For years, Washington’s Department of Ecology has been trying to determine the source of pollutants entering Puget Sound. The presumption, of course, has been that those dastardly humans who have the gall to live in a home and drive to work – god forbid that they take a trip to one of those maligned strip malls – are the source of everything bad. And the solutions coming from the government have been ever increasing fees, taxes, and regulations on developed lands.
Meanwhile, the primary culprit all along has been … wait for it … trees!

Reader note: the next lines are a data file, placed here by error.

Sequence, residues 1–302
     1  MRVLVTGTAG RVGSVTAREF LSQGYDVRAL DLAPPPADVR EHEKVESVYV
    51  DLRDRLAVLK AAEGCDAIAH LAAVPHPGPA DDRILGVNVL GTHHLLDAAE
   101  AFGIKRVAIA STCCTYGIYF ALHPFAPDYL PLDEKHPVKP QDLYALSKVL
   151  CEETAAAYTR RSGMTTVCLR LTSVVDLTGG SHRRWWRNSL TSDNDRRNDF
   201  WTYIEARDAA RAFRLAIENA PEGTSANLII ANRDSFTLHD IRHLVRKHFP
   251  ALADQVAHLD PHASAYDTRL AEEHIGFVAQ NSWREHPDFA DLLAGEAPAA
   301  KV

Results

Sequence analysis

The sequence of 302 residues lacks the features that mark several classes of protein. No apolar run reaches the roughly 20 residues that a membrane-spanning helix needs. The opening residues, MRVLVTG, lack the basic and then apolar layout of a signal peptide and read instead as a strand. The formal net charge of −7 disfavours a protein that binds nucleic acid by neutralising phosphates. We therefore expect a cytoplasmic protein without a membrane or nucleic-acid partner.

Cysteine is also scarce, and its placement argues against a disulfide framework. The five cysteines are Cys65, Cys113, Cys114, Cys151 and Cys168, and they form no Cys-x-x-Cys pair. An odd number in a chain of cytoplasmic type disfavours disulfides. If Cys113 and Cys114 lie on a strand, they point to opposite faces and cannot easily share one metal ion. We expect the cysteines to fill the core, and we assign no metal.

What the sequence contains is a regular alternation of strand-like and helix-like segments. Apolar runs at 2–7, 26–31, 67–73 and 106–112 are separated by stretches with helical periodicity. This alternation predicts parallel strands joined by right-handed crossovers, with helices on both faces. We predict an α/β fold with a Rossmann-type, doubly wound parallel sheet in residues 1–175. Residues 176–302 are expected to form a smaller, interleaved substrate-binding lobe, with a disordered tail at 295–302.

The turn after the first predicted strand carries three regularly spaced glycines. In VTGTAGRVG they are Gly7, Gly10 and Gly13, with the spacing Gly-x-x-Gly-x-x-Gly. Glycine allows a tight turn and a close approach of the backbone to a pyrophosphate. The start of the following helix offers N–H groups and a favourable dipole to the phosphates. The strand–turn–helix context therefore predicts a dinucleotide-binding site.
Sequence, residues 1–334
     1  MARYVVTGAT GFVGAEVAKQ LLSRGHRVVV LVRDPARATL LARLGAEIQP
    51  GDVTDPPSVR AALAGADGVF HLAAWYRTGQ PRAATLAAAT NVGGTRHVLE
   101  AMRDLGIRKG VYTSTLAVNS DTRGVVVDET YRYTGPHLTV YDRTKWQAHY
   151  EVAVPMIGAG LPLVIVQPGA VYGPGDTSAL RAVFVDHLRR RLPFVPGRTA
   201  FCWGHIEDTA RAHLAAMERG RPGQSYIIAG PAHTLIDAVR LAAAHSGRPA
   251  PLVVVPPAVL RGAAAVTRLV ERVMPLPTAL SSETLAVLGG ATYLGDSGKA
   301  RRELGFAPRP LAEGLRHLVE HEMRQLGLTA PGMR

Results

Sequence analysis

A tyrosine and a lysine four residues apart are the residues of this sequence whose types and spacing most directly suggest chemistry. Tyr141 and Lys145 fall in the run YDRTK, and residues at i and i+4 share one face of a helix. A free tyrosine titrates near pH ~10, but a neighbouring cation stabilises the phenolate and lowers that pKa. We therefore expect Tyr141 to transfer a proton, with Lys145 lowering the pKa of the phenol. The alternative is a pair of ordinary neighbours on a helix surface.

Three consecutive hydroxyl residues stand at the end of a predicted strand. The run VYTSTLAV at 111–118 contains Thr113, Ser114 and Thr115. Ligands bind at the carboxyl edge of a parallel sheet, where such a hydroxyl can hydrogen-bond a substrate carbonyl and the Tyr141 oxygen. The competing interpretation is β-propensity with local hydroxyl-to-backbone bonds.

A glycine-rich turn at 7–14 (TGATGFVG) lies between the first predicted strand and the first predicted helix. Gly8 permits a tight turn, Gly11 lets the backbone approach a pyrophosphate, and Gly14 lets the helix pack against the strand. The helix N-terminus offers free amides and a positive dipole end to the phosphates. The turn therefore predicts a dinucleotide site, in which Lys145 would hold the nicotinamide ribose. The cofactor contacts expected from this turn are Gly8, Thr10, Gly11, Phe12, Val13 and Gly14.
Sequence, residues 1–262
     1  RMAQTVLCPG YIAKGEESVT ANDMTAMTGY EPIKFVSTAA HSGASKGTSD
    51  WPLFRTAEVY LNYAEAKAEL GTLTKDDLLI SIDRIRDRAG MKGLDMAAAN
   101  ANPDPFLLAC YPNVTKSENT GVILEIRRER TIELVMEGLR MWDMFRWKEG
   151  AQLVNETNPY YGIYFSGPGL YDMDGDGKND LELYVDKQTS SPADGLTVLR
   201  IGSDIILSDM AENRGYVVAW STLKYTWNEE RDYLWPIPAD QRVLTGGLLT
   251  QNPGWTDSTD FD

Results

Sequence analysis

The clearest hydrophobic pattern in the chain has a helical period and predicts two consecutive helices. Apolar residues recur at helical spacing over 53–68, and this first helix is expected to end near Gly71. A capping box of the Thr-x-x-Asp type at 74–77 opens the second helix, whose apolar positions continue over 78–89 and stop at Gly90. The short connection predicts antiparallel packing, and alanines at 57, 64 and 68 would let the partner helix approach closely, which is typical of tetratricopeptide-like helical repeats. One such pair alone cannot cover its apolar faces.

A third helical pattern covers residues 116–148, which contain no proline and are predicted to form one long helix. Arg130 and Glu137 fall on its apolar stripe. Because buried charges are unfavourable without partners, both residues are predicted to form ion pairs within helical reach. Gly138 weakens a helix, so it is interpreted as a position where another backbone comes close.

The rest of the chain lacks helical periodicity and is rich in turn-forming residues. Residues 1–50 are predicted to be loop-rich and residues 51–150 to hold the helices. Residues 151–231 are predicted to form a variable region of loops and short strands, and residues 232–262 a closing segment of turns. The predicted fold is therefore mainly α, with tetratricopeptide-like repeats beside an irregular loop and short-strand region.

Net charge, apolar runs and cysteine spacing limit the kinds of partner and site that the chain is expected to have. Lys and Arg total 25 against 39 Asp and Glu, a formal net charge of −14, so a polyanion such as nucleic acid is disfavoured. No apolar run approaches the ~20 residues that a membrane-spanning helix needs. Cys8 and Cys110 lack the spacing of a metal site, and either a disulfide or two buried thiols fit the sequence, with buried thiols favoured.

A new Ecology study reports that forests, which make up 83% of the watershed, are responsible for roughly 10,000 tons of pollutants (including naturally occurring compounds from decaying plants) per year in the Puget Sound region. Only a fraction of pollutants reaching Puget Sound come from developed lands. Imagine that!
This should be good news.
But, as we all know, good news usually comes with a price. Already, a coalition of government, environmentalists, and labor interests are using this study to propose tax increases to pay for stormwater control projects. I say, tax the trees.
A summary of Ecology's study can be found here.